It took us about an hour or so on the train from Nagasaki. I’ll work out where it is on the map and I’ll mail you the details.

  3. Rob says

    Another great shoot Lee.
    The fact that these buildings were used to train for suicide missions makes the photos even more haunting.

    • Lee says

      Cheers Rob.

      I totally agree. Generally I prefer haikyo that are full of bits and pieces left behind by the people who once lived or worked there, but despite being just crumbling buildings, theses were really fascinating. And at the same time incredibly sad. Especially so after seeing pictures of some of the youngsters sent out from the nearby air base I mentioned in the post.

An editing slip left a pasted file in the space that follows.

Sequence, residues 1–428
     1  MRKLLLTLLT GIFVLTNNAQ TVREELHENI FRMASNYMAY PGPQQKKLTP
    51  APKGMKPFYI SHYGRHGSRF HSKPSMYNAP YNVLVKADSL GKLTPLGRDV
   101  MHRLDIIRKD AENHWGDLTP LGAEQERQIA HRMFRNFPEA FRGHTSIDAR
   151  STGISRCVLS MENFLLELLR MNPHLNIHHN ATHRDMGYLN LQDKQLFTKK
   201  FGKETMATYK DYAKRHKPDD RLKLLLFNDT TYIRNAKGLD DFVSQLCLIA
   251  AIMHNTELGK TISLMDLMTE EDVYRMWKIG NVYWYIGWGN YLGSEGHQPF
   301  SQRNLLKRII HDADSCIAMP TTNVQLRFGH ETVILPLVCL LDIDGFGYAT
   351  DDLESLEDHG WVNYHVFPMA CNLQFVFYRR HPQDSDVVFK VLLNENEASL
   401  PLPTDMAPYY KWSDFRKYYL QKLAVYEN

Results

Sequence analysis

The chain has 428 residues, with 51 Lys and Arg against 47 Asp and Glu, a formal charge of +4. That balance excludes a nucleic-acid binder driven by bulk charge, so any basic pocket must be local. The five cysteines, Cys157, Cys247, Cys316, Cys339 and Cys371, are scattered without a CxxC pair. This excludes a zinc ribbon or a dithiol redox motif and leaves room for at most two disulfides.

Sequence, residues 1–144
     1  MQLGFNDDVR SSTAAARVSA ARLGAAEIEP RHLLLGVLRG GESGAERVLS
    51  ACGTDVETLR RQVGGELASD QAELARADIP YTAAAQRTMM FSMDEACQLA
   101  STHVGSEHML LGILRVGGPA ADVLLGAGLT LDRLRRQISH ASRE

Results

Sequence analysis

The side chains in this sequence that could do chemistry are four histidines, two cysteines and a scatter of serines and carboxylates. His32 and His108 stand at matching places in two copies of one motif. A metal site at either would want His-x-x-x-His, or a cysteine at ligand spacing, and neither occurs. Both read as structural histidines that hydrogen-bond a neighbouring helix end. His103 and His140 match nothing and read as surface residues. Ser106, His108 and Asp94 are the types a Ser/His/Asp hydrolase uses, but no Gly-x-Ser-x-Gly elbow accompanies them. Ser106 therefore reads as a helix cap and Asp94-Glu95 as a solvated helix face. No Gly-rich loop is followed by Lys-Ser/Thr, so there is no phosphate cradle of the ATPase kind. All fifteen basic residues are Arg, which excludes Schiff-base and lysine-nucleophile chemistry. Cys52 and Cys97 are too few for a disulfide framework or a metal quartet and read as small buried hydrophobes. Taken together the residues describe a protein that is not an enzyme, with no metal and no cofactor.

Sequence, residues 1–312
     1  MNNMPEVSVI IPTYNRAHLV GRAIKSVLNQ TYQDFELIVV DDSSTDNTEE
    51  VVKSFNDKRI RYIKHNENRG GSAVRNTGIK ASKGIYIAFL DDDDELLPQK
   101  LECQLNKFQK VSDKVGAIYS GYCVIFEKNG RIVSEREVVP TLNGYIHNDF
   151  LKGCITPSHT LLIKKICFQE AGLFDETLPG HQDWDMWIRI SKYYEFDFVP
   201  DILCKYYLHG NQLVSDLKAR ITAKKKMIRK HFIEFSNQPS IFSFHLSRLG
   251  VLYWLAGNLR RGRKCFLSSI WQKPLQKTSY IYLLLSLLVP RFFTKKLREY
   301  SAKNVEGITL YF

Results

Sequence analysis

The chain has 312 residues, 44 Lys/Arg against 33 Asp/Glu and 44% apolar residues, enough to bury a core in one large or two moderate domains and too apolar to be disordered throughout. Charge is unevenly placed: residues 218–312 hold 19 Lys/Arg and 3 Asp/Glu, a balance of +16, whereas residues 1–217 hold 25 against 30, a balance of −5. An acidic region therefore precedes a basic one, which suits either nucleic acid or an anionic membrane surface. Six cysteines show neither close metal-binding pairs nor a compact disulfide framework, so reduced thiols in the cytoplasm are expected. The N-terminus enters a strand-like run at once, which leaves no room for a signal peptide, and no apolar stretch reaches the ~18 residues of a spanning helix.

4. Matt says

    Great set of photos. B & W suits them so well and adds to the atmosphere your story a brings. Must have been quite a haunting place to visit especially having such a connection to it with your friend there.

    • Lee says

      Thanks! Yeah, despite there being just a few empty buildings, it was very atmospheric place. And having somebody there with a personal connection really added to it.

  5. S_in_shanghai says

    Excellent Lee. The whole series of photographs displays a certain mood. No 3 is my personal favorite as it is very well framed. I really got to enjoy your pics a lot lately.
    I was thinking about if there are any statistics showing how big percentage of the men going through this training actually went on a mission?

    It was very nice of your colleague to join you on this trip!


    • Lee says

      Thank you! That’s my favourite too. Really happy with the way it turned out. I think it’s probably the nearest I’ve ever come to capturing the feeling of a place.